Research Papers:

KRAS, NRAS and BRAF mutations detected by next generation sequencing, and differential clinical outcome in metastatic colorectal cancer (MCRC) patients treated with first line FIr-B/FOx adding bevacizumab (BEV) to triplet chemotherapy

Gemma Bruera, Francesco Pepe, Umberto Malapelle, Pasquale Pisapia, Antonella Dal Mas, Daniela Di Giacomo, Giuseppe Calvisi, Giancarlo Troncone and Enrico Ricevuto _

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Oncotarget. 2018; 9:26279-26290. https://doi.org/10.18632/oncotarget.25180

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Gemma Bruera1,2,*, Francesco Pepe3,*, Umberto Malapelle3, Pasquale Pisapia3, Antonella Dal Mas4, Daniela Di Giacomo1,2, Giuseppe Calvisi4, Giancarlo Troncone3 and Enrico Ricevuto1,2

1Oncology Territorial Care, S. Salvatore Hospital, Oncology Network ASL1 Abruzzo, University of L'Aquila, L'Aquila, Italy

2Department of Biotechnological and Applied Clinical Sciences, University of L’Aquila, L’Aquila, Italy

3Department of Public Health, University Federico II, Napoli, Italy

4Pathology, S. Salvatore Hospital, Oncology Network ASL1 Abruzzo, L'Aquila, Italy

*These authors equally contributed to this work

Correspondence to:

Enrico Ricevuto, email: [email protected]

Keywords: FIr-B/FOx intensive first line triplet chemotherapy plus bevacizumab; metastatic colorectal cancer; next generation sequencing; RAS/BRAF mutations; 50 genes panel

Received: October 06, 2017     Accepted: April 05, 2018     Published: May 29, 2018


Background: First line triplet chemotherapy/BEV significantly improved clinical outcome of MCRC. KRAS/NRAS/BRAF mutations were evaluated by next generation sequencing (NGS) in MCRC patients treated with first line FIr-B/FOx.

Methods: KRAS exons 2-4 (KRAS2-4), NRAS2-4, BRAF15 were evaluated in 67 tumours by ION Torrent platform. Mutation detection criteria: >500×sequence coverage (cov); >1% mutant allelic fraction (AF). Clinical outcomes were compared by log-rank.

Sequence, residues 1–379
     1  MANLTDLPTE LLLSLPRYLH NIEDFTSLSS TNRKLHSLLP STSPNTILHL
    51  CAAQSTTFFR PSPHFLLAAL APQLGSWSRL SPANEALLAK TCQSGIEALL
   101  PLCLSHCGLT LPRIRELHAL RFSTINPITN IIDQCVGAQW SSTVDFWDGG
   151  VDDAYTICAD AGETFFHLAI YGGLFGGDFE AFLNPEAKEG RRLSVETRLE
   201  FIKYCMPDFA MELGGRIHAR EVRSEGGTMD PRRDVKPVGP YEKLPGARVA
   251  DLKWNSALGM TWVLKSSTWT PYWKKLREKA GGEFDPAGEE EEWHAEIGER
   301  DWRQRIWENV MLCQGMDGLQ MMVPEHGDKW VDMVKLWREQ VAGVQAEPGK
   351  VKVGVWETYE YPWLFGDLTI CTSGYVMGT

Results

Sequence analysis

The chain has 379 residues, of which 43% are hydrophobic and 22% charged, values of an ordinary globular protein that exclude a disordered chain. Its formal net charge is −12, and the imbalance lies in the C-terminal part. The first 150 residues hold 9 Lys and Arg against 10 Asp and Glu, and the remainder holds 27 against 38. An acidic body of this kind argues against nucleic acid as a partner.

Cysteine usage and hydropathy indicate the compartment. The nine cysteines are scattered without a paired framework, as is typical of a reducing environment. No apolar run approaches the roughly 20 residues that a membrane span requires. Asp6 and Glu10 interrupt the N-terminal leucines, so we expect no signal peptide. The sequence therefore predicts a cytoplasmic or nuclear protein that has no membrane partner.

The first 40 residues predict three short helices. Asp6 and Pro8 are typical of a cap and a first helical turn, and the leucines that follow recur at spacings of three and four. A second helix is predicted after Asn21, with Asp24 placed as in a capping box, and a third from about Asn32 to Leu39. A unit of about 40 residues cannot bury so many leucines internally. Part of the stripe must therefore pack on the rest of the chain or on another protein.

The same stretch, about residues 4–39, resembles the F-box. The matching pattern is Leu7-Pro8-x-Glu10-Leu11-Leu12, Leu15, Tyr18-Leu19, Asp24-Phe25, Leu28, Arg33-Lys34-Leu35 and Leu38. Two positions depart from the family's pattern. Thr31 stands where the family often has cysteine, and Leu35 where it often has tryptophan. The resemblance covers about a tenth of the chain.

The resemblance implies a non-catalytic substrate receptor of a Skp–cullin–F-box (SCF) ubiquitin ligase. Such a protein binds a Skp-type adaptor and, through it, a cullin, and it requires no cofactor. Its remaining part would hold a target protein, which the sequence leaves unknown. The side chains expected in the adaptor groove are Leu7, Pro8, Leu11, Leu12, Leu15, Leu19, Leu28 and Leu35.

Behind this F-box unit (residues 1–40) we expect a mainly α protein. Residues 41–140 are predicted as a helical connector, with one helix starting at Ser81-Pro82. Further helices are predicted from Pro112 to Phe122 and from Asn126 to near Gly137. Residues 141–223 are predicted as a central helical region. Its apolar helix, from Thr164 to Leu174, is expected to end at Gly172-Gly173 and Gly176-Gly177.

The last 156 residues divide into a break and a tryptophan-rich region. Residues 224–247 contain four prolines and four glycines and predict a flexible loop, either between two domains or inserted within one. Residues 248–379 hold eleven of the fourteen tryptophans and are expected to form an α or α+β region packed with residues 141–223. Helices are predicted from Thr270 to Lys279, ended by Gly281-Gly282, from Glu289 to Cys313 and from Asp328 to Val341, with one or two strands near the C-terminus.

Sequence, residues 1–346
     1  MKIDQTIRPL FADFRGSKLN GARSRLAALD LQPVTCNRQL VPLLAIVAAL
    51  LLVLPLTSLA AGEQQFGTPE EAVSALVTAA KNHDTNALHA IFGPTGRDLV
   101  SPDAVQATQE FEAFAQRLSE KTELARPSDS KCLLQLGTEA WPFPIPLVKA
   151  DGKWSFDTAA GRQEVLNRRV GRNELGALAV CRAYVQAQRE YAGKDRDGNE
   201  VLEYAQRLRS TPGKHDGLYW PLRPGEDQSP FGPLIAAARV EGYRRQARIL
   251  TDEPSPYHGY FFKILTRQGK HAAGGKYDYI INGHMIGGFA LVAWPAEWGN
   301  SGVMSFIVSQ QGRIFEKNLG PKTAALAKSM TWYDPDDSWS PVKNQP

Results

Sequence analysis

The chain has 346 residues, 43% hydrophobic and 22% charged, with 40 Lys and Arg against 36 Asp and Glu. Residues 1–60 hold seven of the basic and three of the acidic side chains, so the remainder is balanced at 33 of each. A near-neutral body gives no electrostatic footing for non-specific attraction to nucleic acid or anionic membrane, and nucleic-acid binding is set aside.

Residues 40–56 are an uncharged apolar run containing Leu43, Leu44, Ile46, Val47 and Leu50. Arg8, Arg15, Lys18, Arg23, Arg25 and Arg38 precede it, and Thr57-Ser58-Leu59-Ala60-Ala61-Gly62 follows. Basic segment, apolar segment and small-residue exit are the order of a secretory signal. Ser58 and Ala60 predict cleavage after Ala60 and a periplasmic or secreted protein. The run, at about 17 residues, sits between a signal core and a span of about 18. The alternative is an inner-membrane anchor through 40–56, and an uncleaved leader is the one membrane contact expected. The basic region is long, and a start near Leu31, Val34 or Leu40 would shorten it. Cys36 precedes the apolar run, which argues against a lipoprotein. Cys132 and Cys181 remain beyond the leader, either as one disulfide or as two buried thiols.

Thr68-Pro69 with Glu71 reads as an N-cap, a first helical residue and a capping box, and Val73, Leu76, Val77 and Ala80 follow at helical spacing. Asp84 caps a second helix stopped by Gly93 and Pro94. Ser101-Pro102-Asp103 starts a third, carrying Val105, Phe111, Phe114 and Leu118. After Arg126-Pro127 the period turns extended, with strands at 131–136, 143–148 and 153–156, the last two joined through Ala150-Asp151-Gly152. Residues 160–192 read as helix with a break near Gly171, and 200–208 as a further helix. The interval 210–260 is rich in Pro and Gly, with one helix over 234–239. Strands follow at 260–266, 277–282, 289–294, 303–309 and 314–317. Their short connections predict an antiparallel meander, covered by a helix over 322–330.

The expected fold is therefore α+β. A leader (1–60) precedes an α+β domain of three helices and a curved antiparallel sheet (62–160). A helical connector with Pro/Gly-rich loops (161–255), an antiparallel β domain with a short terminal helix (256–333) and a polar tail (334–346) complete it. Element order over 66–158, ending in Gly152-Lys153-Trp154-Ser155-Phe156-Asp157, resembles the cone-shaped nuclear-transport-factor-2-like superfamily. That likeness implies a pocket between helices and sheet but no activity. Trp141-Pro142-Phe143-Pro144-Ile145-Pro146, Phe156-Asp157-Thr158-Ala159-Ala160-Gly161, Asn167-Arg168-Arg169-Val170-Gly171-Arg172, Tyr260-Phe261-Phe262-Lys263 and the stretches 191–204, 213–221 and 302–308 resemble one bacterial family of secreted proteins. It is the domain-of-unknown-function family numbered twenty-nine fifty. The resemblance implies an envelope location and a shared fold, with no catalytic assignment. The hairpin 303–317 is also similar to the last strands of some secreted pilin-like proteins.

Results: In 63 samples, KRAS2-4/NRAS2-4/BRAF15 wild-type (wt) were 14 (22.2%), mutant (mut) 49 (77.8%): KRAS2-4 42 (66.7%); NRAS2-4 11 (16.4%); BRAF15 5 (7.5%). Sixty mutations were detected, range 1-3 mut: 43 (71.7%) >1000×cov/>5% AF; 9 (15%) >500×cov/>5% AF; 8 (13.3%) >1000×cov/<5% AF. Mut distribution in KRAS2-4/NRAS2-4/BRAF15: 40 (63.5%) >1000×cov/>5% AF, 8 (12.7%) >500×cov/>5% AF, 1 (1.6%) >1000×cov/<5% AF; BRAF15 1 (1.5%) >500×cov/>5% AF, 4 (6%) >1000×cov/<5% AF. Prevalence of ≥2 mut samples: KRAS2-4/NRAS2-4/BRAF15 8 (12.7%); KRAS2-4 7 (11.1%); NRAS2-4 5 (7.5%). BRAF15 mutant were all ≥2 mut (7.5%), atypical and associated to KRAS and/or NRAS mut: c.1405 G>A; c.1406 G>C; c.1756 G>A, 2 samples; c.1796 C>T. At 21 months (m) follow-up, clinical outcome wt compared to mut was not significantly different: in KRAS2-4/NRAS2-4/BRAF15, progression-free survival (PFS) 18/12 m, overall survival (OS) 28/22 m; 1/≥2 mutations, PFS 14/11, OS 37/22. PFS was trendy worse in RAS/BRAF wt vs ≥2 mut genes (P 0.059).

Conclusions: Most MCRC harboured KRAS2-4/NRAS2-4/BRAF15 mutations by NGS, often multiple and affecting few tumoral clones; 22% were triple wt. Clinical outcome is not significantly affected by KRAS2-4/NRAS2-4/BRAF15 genotype, trendy different in triple wt, compared with KRAS2-4/NRAS2-4/BRAF15 ≥2 mut.

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